Lots of pros see their job as THEIR job, and often despite their initial idealism (if they had some), they get mired in the bureacratic necessities, hence the creation of Districts.

Districts allow the pros to better keep track of numbers. If the vols are up to it, Districts are a good framework to hang multi - unit activities on. Just don't depend on the pros to do it.

I have not moved in the past 20 years, but in the last 10 years my Scouting has been in 5 Districts (if I count the "service areas" and "sub-district" they tried, make it 6). We (the vols) have had to regroup and redefine ourselves that many times. But even so, we insisted on keeping the same CSDCs and Camporees, and even added some new things.

We now have 3 Districts where two years ago we had one BIG one. Same problems, same solutions, same folks I worked with before. Different patches and neckers for the Commishers. I do training in two Districts, write newsletter bits for all 3. Help at two of the three CSDCs. Commish for the same four units, which have been in three different Districts and the church hasn't moved. Scouts still go camping, Cubs still race PWD cars. They don't care, so long as the adults pay the bills and drive to the sites.

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Saw two district changes. One just before I became a leader but I saw the results. One while I've been active at the unit and district level.


The 1st was a split. It went smooth but there was lingering problems as neither district had sufficient quantity of units to put on a really good roundtable with good breakouts. Other issues too such as friendships not seeing each other. Generally, life went on. Those who grumble, grumbled.


The 2nd was a merger with another district. The other district was most of the old broken off district and part of another. Those districts had been re-aligned again. It was fast and quick, but handled well with sensitivity. Again those who grumble, grumbled.


One memorable problem was that the OA chapter which had been once one chapter, but had since split, was again one chapter. The OA advisor claimed it would be too big of a chapter. It worked though. I think the OA advisor was more concerned with his position and having to deal with change then anything else.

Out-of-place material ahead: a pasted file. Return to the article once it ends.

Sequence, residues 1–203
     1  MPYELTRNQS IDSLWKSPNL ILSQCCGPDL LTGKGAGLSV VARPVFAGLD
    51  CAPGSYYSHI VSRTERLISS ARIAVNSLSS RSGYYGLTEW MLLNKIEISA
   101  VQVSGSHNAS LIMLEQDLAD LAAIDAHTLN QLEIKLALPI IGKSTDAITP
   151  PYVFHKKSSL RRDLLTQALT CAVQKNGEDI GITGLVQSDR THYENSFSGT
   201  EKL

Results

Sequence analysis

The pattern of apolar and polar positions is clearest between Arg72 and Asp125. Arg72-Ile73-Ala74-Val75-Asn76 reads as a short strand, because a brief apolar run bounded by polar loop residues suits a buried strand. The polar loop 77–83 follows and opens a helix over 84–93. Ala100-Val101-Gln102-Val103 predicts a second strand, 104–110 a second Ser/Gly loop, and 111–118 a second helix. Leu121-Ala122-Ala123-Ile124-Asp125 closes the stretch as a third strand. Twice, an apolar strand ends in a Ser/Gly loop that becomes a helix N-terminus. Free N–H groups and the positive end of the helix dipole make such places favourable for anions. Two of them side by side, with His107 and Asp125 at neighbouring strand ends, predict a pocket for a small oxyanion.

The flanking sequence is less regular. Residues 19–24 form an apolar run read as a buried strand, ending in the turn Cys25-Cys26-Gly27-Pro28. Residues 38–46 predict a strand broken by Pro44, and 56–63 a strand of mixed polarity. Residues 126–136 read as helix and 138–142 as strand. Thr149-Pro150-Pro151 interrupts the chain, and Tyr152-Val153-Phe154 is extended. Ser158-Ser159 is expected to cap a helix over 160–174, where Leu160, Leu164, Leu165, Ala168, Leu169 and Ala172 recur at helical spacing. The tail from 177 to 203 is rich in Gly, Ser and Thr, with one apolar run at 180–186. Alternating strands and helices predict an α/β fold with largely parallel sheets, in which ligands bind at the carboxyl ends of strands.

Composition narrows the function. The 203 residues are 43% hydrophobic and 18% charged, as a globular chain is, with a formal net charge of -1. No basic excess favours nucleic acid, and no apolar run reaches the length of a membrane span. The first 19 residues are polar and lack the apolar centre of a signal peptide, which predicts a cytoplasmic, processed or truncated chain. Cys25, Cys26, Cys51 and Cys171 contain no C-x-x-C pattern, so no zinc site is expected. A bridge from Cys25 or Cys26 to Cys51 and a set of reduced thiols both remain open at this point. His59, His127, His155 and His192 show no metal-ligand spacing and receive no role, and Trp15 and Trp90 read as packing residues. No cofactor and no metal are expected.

The biggest problems were with people. Change leads to two questions. #1 What job will I have in the new district? #2 Is this a good time to step away? From what I saw, if two districts had each 15 committed volunteers, the new merged district will have 20 committed volunteers. Not 30 volunteers.


BUT, now you have more units to pull help from for roundtable and camporees. IMHO, it's been a huge success and the new district is much better then the smaller older district.

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The biggest problems were with people. Change leads to two questions. #1 What job will I have in the new district? #2 Is this a good time to step away? From what I saw, if two districts had each 15 committed volunteers, the new merged district will have 20 committed volunteers. Not 30 volunteers.


What he said.


My experience was a "merger" of two districts, one very strong, the other failing. Clearly, this was a take over by the stronger district. Biggest downside I saw was the escape hatch the merger provided, as described by Fred, and some level of ill-will due to one set of volunteers being asked to do all the heavy lifting yet plum appointments and stuff like Roundtable location being divided out of some sense of "fairness." BD's experience with Roundtable is almost identical to mine.


In the end, it was all about numbers. If success is 75%, we had one district at 100% and the other at 50%. So after the merger there was one district operating at 75. But 75 was good enough to make quality district, so DE's made their numbers, the council make quality council, everyone got their performance bonus and all was right with the world.



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Thanks for all the input.


To be honest, the writing was on the wall, I had been thinking for a while that this would happen.


Program wise our attendance is low AND on the CS side, council makes $0 as all the CS events have local sponsors who have been doing the same activities for years. Plus we only have 1 activity for Boy Scouts.


Membership is down. We had some traditional units through a grant, as well as LFL groups. When the grant went away, as well as the key volunteer behind the program, we lost those units.


Financially the district has had it's ups and downs, mostly downs though. FOS tends to do OK, but popcorn not so good. And this year we didn't meet either goals.


I doubt that they will move the other district will move the RTs as 3 districts will be merged into 1, and they are the mostly central location, both geographically and Scout population wise. That district has the most units, is the most active, and is in between the two districts that are merging into it.


I have a feeling a lot of people will be ticked. We still have folks ticked off from when the council moved from this town to its current location. And that was 30+ years ago.